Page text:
Earlier this week the teenage climate activist Greta Thunberg arrived in Parliament with a powerful warning.
Without drastic action we risk “the end of civilisation as we know it”, she told a rapt audience that included some of Britain’s most senior politicians.
This was just the latest instalment in an extraordinary journey that has seen the young Swede go from organising school ‘climate strikes’ in her native Stockholm to speaking in the European Parliament and an audience with the Pope.
Her sudden celebrity comes not so much from what she says as the way she seems to embody the angst of a generation who fear a much worse world than the one their parents knew.
Without doubt Thunberg is an impressive person – articulate, persuasive and with a gift for phrasemaking. Her millenarian message is perfectly tailored to the internet age: unambiguous, emotive and dramatic.
The same brand of doom-mongering also underpins the wave of protests by Extinction Rebellion, whose members continue to superglue themselves to various parts of the British capital, for reasons even they have probably forgotten.
But rhetoric and feelings – however sharply expressed – are not the same as facts. As Marian Tupy argued on CapX this week, too often the green movement seems to focus less on what’s happening to the natural world than on engaging in a quasi-religious anti-humanism – a creed based more on punishment than progress.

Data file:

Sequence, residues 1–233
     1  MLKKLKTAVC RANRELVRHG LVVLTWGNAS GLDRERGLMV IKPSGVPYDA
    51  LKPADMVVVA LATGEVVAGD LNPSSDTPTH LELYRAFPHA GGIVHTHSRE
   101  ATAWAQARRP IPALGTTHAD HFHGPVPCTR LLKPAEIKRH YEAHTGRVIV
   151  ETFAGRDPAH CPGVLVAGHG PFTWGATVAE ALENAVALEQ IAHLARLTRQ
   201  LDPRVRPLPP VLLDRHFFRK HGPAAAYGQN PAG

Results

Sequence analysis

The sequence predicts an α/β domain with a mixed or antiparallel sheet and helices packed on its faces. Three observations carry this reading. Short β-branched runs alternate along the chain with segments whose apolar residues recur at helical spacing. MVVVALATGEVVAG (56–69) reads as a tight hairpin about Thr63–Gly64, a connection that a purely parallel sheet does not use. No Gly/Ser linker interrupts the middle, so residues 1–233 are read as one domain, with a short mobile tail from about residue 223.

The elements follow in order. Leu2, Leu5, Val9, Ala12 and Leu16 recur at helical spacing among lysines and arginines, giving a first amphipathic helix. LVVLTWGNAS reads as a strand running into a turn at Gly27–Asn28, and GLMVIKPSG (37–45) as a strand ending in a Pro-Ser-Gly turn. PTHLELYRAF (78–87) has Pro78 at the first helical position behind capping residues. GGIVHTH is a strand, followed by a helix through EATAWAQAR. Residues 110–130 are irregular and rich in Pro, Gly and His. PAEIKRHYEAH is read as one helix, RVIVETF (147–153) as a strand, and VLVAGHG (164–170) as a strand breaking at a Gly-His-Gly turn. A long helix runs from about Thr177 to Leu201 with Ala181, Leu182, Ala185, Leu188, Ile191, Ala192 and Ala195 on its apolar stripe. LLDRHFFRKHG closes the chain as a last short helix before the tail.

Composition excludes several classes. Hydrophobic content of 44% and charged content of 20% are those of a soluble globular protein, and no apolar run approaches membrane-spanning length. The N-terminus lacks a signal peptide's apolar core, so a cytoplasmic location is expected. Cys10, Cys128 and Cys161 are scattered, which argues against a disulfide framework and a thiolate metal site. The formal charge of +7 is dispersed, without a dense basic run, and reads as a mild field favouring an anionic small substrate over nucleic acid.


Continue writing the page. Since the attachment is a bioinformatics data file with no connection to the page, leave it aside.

More to the point, much of what Thunberg says about climate change is both untrue and counter-productive.
For instance, she lambasts the UK for “absurd” policies, even though this country has substantially reduced its emissions since 1990, partly thanks to the demise of coal as a primary energy source.
Her assertion that “nothing is being done” is also simply false. After all, the last decade alone has seen a dramatic fall in the cost of both solar and wind power, with increased generation from bioenergy, geothermal and hydropower too. That is a result of both market mechanisms and governments investing in new technologies.
As Adnan Amin of the International Renewable Energy Agency notes: “Turning to renewables for new power generation is not simply an environmentally conscious decision, it is now – overwhelmingly – a smart economic one.”
Note too the long list of automakers phasing out diesel engines and turning their focus to electric cars. None of this means there is room for complacency, but nor is it “nothing”.
It is on the basis of these kind of facts that free marketeers can debate with the likes of Thunberg and her supporters – and certainly not through counter-productive attacks on her age, her mother’s occupation, or even the fact she is autistic.
After all, even those sceptical of Thunberg’s apocalyptic certainty can agree that we ought to be urgently preparing for a world with fewer fossil fuels.
As the International Trade Secretary Liam Fox said on Thursday, one’s views about climate change do not change the fact that “it is sensible for everyone to use finite resources in a responsible way”.
While some accused Fox of denying climate science, his intervention was in fact a welcome attempt to show that everyone, sceptic or otherwise, can make common cause on reducing the use of hydrocarbons.
If we are to take anything from Thunberg’s appearance this week, it should be to focus ever more intently on what a world with less fossil fuels will look like.
But if we want a cooler planet, first we must make sure we have cool heads.
CapX depends on the generosity of its readers. If you value what we do, please consider making a donation.